We Missed You!

But we still managed to have a great time at our second Pedagogy and Pizza luncheon. Today’s topic was about the use of technology in the classroom.

For years, professors, administrators, and policy makers alike have weighed the benefits of technology in education against its risks and consequences. And the debate is more pressing than ever, as curricula increasingly incorporate technology and professors try new methods of teaching and assessment. On one hand, using technology in the classroom allows you to experiment in pedagogy, democratize the classroom, and better engage students. On the other hand, some argue that phones, tablets, and laptops in the classroom are unhelpful, distracting, and could even potentially foster cheating.

Michael Laughy, Classics, gave an overview of the approaches that he takes in his classes. In Beginning Greek, almost all the readings and resources he assigns are in a digital form, so the use of technology is required. But that’s not the case with Intermediate and Advanced Greek – online resources and apps are not to be used when translating text.

In Mackenzie Brooks’s Digital Culture and Information (DCI) class, students work together to design an agreement for classroom norms, rules, and consequences, part of which includes the acceptable use of devices during class time. Mackenzie believes that students HAVE to learn how to manage distractions. Some day, in the not too distant future, they’ll be expected to perform sustained, focused work and effectively handling distractions and interruptions will be key.

Paul Youngman, German, was the last to offer his thoughts. His take is that teaching literature and teaching a language are two different birds, which call for, and exclude, different tools.

Thanks to all for coming out!

You Missed It!

Pizza and Pedagogy #1, Using Case Studies to Teach, was a success! Here are the PowerPoints and handouts from today’s session:

Fall 2018 Pedagogy and Pizza #1: Using Case Studies to Teach

Looking forward to the first Pedagogy and Pizza session of the year on Thursday, September 27 at 12:15 pm in the IQ Center (in the Science Center)!

Here’s a fantastic article — Assembling a Case Study Tool Kit— with ten tools that both new and experienced case teachers may find helpful. The tools described in this article may not suit every instructor, or every case study, but they constitute a tool kit from which instructors can pick and choose. For every case study, the author, Dr. Annie Prud’homme-Généreux, selects appropriate tools to fit the case goals and format.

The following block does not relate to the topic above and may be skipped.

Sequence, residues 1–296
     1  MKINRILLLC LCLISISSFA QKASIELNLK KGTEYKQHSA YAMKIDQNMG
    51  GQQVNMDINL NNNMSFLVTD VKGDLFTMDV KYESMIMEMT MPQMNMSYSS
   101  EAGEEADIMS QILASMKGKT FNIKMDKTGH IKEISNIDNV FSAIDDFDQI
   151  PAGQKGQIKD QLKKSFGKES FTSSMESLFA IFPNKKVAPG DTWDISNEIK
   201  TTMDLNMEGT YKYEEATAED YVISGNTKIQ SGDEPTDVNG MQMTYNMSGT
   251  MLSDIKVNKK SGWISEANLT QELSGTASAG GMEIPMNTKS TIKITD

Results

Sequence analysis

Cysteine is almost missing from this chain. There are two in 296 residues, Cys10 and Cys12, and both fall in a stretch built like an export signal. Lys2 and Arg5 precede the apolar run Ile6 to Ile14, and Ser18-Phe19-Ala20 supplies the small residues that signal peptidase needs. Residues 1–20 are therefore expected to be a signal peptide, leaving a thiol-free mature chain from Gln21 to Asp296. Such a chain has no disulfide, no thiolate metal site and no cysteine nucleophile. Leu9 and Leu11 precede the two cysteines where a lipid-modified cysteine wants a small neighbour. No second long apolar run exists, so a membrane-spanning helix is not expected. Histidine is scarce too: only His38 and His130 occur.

Additionally, you also may find the National Center for Case Study Teaching in Science’s website useful. Their mission is “to promote the nationwide application of active learning techniques to the teaching of science, with a particular emphasis on case studies and problem-based learning” although they have resources for non-scientists as well!

It’s not too late to sign up for tomorrow’s session! Go to go.wlu.edu/pedagogy!

 

You’re Invited to ITS Academic Technologies’ First Pizza and Pedagogy Luncheon!

ITS Academic Technologies’ Pizza and Pedagogy teaching and learning workshop series is back!

If you’re interested in an informal, yet intellectually-grounded space for dialogue and debate with like-minded colleagues, we invite you to join us for our first luncheon about using case studies to teach on Thursday, September 27, from 12-1:15 pm in Science Addition 202A.

Case studies are a powerful student-centered teaching tool that can impart students with critical thinking, communication, and interpersonal skills.

A case study is simply a story used to show the application of a theory or concept to real situations. Depending on the goal they are meant to fulfill, cases can be fact-driven and deductive where there is a correct answer, or they can be context driven where multiple solutions are possible. They are, by their nature, multidisciplinary, and “allow the application of theoretical concepts … bridging the gap between theory and practice” (Davis & Wilcock). Working on cases requires students to research and evaluate multiple sources of data, fostering information literacy, as well as good organizational and time management skills. The case method increases student proficiency with written and oral communication, as well as collaboration and team-work.

Case studies have long been used in business schools, law schools, medical schools and the social sciences, but they can be used in *any* discipline when instructors want students to explore how what they have learned applies to real-world situations.

Sign up at http://go.wlu.edu/pizza !